AbstractsMedical & Health Science

Staff perceptions of a telemedicine intensive care unit programme in Saudi Arabia

by Aljuhara AlShubaily

Institution: AUT University
Year: 0
Keywords: Telemedicine intensive care unit; Tele-ICU; eICU; Telemedicine; Health informatics; Health care in Saudi Arabia; Perception; Case study
Record ID: 1311783
Full text PDF: http://hdl.handle.net/10292/7385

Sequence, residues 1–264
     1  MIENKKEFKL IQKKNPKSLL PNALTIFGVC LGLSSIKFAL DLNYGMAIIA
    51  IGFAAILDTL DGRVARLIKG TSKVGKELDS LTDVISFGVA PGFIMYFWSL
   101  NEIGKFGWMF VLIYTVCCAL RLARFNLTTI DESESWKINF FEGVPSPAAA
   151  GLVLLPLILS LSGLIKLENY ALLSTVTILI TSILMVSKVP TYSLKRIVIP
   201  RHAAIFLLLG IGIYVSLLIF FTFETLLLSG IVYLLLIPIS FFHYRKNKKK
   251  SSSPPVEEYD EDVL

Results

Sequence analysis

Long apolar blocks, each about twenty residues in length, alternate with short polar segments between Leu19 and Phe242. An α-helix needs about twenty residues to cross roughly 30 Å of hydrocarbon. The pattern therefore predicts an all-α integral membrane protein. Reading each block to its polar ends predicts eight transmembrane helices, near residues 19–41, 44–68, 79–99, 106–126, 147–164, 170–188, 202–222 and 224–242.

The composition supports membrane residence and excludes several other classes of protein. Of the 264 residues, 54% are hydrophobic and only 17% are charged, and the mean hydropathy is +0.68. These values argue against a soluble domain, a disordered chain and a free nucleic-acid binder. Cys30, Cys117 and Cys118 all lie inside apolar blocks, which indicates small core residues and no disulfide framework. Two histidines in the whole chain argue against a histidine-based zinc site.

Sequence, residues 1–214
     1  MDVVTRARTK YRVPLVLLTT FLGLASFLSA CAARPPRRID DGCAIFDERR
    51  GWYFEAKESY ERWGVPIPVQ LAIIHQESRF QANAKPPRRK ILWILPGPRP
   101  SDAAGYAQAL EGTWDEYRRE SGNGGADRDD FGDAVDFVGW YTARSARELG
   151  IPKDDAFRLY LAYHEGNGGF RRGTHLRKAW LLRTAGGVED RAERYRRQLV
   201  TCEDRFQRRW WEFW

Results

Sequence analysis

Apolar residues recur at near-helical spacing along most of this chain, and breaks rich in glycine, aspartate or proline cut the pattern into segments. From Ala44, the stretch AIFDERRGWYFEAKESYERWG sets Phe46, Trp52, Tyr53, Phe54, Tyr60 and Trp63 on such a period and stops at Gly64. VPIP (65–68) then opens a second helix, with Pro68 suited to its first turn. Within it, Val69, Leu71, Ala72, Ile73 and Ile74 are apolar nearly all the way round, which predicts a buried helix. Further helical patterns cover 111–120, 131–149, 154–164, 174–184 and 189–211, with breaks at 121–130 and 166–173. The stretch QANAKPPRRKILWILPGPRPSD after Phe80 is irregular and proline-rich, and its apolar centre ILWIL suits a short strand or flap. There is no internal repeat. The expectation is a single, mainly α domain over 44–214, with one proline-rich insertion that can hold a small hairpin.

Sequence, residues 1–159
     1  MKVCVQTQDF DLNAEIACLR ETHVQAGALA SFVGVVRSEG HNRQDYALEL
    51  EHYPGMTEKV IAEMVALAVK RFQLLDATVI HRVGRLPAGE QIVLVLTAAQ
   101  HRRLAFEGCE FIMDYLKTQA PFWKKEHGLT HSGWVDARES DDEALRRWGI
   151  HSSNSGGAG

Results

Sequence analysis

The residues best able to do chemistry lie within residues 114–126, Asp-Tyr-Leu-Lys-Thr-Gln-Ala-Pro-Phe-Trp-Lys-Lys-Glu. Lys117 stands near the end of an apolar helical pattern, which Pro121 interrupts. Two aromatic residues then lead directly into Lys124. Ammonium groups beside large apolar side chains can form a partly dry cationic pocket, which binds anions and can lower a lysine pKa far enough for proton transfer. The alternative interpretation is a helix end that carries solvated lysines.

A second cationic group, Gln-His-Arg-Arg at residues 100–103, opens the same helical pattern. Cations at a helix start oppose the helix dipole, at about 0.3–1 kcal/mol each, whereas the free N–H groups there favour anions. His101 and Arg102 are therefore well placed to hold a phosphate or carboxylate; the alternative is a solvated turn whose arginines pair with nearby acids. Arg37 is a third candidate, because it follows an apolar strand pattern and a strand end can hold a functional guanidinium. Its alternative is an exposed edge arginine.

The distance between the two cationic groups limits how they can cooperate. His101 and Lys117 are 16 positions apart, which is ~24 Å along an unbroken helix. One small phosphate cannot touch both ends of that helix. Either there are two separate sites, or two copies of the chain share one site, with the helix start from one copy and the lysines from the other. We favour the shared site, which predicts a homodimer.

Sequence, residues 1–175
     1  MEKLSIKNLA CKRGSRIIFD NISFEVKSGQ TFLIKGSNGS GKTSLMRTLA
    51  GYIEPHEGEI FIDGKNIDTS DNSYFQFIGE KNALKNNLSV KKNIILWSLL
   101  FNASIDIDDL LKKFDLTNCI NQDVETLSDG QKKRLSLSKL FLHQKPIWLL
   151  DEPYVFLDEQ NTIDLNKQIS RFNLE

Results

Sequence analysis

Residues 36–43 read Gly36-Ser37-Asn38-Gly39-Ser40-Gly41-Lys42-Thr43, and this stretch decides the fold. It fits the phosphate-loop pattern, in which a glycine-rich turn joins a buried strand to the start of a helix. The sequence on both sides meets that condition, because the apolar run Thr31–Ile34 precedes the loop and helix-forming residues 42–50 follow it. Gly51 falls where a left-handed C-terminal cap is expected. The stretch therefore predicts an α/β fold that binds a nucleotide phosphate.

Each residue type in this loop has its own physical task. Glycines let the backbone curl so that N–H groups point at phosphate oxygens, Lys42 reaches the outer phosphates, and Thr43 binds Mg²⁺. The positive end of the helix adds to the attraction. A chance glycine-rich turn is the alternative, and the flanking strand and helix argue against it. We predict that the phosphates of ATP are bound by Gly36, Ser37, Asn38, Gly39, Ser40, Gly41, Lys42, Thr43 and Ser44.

This research presents a case study for the evaluation of a telemedicine intensive care unit (tele-ICU) project implemented by King Faisal Specialist Hospital (KFSH) in Saudi Arabia. The aims of the research were to identify the tele-ICU users’ perspectives about the motives and barriers they face and to present their suggestions about the system. The total number of consulted cases from January 2008 until the end of the study on August 2013 was 1089 cases. The connected centres were classified into high-usage and low-usage centres. Of the 26 hospitals participating in the project, staff from 13 centres responded and agreed to participate in the study. Twenty users were interviewed regarding their experience using the tele-ICU facilities. All interviews were transcribed then analysed by using qualitative data management software (QSR NVivo 10 ©) to identify common themes which repeated. The data were then categorised into motives, barriers and suggestions. The top identified motives of tele-ICU users were Providing Clinical Support, Providingm Quality Care, and the opportunity of Continuing Medical Education. The chief barriers fell under the categories of Lack of Exposure and Administration Issues. Finally, the most frequent suggestions were the ability to connect to Other Centres instead of only KFSH and having additional Training and better education for a wider range of staff. A data comparison between high- and low-usage centres showed similar patterns, but users from high-usage centres provided more motives, barriers and suggestions to improve the system. The suggestion of Continuing Medical Education was referenced more often from respondents in the low-usage centres. Health care providers who use the system were more interested in improving patient care, providing quality care and continuing medical education. The administrative staff were more concerned with addressing patient satisfaction and the immediacy of patient access. There are opportunities to conduct further research on similar telemedicine case studies to cover any possible gaps in this research.